A section on using the railway to return is confusing for me, and I imagine even more so for players. It introduces unexplained supernatural events into the mix, as well as spies who seem to know the Investigators are wrong’uns whether or not there’s any reason to think so.


An encounter with Siberian ghosts is intriguing and potentially very dramatic, but I felt it was misplaced in this scenario. It has no connection with the weirdness of the cthonian cult, and felt like an isolated random encounter. More importantly, there’s no way in the scenario as written for players to find out what’s happening, just that they seem to see some ghosts in a snowstorm. I feel like this would be more powerful and interesting in a scenario where it could be tied in firmly and understood a bit better.


It’s assumed that Investigators can’t readily leave by official channels due to Borisovich’s reports. Pretty convincing, but it made me wonder how Chance expected to leave, not only after heading off into the wilds for some bizarre activities, but actually transporting a captured yeti with him. Given his vaunted Russian experience and local contacts, he ought to be well aware they’d be followed and their activities reported, so what did he intend to do? And why did he not explain his plan to the Investigators? If one of the players wonders about it, what is the Keeper to say? This might seem like a minor point, but Chance’s plan is the entire point of the expedition, and it really needs to make sense.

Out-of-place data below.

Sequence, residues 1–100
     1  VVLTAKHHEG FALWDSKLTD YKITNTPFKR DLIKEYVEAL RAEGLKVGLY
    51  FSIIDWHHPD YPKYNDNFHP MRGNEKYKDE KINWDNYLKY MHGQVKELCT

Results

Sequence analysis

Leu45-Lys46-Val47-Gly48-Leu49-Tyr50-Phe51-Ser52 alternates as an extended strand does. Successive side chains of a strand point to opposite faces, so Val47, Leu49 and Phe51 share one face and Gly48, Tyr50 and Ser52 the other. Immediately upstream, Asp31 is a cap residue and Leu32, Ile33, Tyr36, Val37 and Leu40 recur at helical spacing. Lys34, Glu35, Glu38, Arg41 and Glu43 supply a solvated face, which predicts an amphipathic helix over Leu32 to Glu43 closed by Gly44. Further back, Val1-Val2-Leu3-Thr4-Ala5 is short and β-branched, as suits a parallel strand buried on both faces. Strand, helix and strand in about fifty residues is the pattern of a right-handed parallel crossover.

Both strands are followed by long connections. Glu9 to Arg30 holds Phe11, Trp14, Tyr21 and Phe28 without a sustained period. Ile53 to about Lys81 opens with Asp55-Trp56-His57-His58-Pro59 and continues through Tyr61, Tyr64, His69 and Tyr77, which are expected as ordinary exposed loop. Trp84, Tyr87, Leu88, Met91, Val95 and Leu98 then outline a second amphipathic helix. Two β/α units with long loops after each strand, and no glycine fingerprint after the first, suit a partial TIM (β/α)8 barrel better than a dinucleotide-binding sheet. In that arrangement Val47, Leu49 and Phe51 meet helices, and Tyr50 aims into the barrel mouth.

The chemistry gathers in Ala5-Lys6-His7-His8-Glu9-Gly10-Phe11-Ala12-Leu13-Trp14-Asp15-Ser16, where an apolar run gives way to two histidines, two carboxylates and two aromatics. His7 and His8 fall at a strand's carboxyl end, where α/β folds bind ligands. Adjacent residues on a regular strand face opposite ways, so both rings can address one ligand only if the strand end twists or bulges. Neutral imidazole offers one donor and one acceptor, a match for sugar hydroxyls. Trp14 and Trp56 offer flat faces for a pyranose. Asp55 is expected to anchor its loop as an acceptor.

Another mild concern is that the Keeper knows what’s going on, but it may not occur to players that the authorities will be suspicious or that Borisovich has made any reports. However, a Keeper should be able to suggest that information fairly easily, if they remember.


Review continues in next post due to length restrictions.